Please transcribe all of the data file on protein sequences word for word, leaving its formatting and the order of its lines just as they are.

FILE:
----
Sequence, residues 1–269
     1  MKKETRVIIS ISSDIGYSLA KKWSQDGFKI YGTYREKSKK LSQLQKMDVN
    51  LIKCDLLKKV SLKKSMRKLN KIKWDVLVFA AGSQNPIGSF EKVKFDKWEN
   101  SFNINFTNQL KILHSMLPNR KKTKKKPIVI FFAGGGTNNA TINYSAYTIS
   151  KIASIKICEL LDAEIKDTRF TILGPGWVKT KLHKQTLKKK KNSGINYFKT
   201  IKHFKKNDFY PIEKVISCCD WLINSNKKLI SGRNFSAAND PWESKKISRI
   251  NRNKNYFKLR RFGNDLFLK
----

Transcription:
Sequence, residues 1–269
     1  MKKETRVIIS ISSDIGYSLA KKWSQDGFKI YGTYREKSKK LSQLQKMDVN
    51  LIKCDLLKKV SLKKSMRKLN KIKWDVLVFA AGSQNPIGSF EKVKFDKWEN
   101  SFNINFTNQL KILHSMLPNR KKTKKKPIVI FFAGGGTNNA TINYSAYTIS
   151  KIASIKICEL LDAEIKDTRF TILGPGWVKT KLHKQTLKKK KNSGINYFKT
   201  IKHFKKNDFY PIEKVISCCD WLINSNKKLI SGRNFSAAND PWESKKISRI
   251  NRNKNYFKLR RFGNDLFLK